Client 9: The Rise And Fall Of Eliot Spitzer
Director: Alex Gibney
Program: Reel To Real
Headline: Don’t fuck with the machine
Scott’s Take: The past few months have seen a resurrection of Eliot Spitzer in the public eye—first as a columnist for Slate and now as co-host of a CNN show with Kathleen Parker—but he’s still a walking punchline, a once-popular New York governor ruined by his dalliances with high-priced prostitutes. And given his reputation as a tireless crusader, his downfall was especially precipitous: Once called the “Sheriff of Wall Street” for his takedowns of white-collar chicanery as attorney general, then later elected to clean up the systemic corruption in Albany, Spitzer lost the moral authority that defined him as a politician. Gibney’s documentary—one of a whopping four to be released this year—doesn’t excuse his indiscretions (or hypocrisy), but it does lay out a convincing case that Spitzer was kneecapped by the powerful Wall Street titans and Republican stalwarts he’d battled throughout his career in public service. Spitzer surely understood the take-no-prisoners style of New York politics—and the soft-bellied culture of backroom deal-making it protects—yet he chose to antagonize the wrong people while acting with astounding personal recklessness. Gibney balances a thorough history of Spitzer’s turbulent (but frequently triumphant) career with a fascinating account of the big-money prostitution rings that serve many New York athletes, Wall Street executives, politicians, and other elites The targeting of Spitzer is viewed as an egregious overreach at best, and a pernicious conspiracy at worst. Client 9 feels at times like another step in Spitzer’s image rehabilitation and Gibney’s journo-doc template, established in movies like Enron: The Smartest Guys In The Room and Casino Jack And The United States Of Money, is getting a bit too predictable. But he rescues the story from tabloid hell, and asks for a saner assessment of a deeply flawed man.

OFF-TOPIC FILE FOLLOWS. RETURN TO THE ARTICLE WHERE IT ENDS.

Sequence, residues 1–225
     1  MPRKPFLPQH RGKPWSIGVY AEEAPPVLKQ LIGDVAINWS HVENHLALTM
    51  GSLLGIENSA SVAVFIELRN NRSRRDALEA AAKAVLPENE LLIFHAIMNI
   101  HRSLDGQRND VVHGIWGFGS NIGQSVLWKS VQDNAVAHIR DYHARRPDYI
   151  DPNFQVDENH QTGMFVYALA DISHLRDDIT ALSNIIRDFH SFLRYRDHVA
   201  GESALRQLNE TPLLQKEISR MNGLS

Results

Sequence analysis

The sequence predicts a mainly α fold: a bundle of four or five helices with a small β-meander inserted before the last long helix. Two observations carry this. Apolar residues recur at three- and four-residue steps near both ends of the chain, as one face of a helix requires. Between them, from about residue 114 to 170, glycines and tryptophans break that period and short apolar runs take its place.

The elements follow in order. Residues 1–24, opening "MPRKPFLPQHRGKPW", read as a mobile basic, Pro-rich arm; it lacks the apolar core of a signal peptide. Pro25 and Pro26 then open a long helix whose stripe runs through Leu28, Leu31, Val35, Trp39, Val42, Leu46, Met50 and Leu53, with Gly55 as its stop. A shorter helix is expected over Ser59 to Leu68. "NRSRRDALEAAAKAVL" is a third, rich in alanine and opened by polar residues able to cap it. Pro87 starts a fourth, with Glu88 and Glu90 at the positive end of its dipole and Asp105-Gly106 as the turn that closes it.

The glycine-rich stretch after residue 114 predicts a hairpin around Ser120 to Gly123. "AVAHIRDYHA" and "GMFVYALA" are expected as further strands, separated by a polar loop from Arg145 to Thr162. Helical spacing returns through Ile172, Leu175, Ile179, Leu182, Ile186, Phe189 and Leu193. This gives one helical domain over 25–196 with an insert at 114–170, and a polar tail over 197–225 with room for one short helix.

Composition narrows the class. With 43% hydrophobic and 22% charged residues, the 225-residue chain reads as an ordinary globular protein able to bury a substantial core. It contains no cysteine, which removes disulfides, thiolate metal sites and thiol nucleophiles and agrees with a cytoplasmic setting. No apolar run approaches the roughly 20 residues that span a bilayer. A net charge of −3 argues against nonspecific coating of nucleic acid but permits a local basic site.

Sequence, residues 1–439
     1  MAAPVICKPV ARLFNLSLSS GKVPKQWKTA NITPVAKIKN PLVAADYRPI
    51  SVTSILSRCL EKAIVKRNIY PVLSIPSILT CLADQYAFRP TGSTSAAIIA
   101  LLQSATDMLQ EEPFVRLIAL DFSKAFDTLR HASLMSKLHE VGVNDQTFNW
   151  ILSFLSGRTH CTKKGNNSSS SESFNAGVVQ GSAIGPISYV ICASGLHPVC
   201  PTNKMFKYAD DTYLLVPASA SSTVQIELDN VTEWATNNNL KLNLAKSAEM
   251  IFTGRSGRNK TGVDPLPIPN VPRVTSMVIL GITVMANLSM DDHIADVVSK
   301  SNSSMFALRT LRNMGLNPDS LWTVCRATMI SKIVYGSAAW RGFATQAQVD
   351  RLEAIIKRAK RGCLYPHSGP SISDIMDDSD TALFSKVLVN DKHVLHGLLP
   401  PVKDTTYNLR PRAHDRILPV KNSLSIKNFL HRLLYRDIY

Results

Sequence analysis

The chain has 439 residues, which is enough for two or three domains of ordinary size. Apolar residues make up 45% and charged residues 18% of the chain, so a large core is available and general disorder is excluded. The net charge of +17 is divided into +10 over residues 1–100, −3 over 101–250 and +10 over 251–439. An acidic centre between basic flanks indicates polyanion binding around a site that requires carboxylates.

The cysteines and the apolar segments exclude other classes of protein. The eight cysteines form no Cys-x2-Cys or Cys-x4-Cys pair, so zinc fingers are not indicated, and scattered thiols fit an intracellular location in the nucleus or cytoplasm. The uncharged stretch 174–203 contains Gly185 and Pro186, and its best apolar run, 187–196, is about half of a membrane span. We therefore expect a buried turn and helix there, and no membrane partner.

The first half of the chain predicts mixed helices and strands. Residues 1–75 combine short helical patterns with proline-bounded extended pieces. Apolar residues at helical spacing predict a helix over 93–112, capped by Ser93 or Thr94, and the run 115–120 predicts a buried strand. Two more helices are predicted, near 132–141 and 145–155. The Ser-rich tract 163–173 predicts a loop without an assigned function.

Director/Country/Time: Ondi Timoner/USA/84 min.
Program: Real To Reel
Headline: An alarming non-alarmist documentary
Scott's Take: Danish academic Bjorn Lomborg created some waves with his book The Environmental Skeptic, in which he poked holes in long-held assumptions about the effects of climate change and how the world was going about addressing them. It should be said upfront that he’s not a climate change denier, but those who want to slow (or stop) any efforts to address the problem have nonetheless eagerly embraced his arguments. For his affront to conventional wisdom—or, you know, the findings of a vast swath of environmental scientists—Lomborg was officially reprimanded for “scientific dishonesty” by the Danish Committees On Scientific Dishonesty (sounds like committee created just for him, no?), a decision that was later annulled by another body. Adapted from his book, Cool It gives the charismatic Lomborg a forum with which to blast the “alarmist” claims of work like An Inconvenient Truth, with its terrifying images of cities consumed by water, whole continents turned to desert, and digital polar bears losing their ice floes. And that’s all fine and good, I suppose, since conventional wisdom needs to be questioned and the tendency of politicians and activists like Al Gore to use scare tactics to motivate people is often insidious. However, Cool It basically fights propaganda with propaganda, accepting Lomborg’s work at face value while giving little time to the many scientists who have taken issue with him. With no one to challenge him, Lomborg sounds convincing and sane, offering many pragmatic, cost-benefit solutions to addressing not only climate change, but also global poverty and disease. While I recognize that Al Gore in An Inconvenient Truth also goes unchallenged, that was more like a concert movie than a proper documentary, which should have a greater commitment to verity. Here’s a guy who’s doing to environmental science what the Atkins Diet did to weight loss, and Timoner isn’t looking for anyone to call his conclusions into question? Bullshit.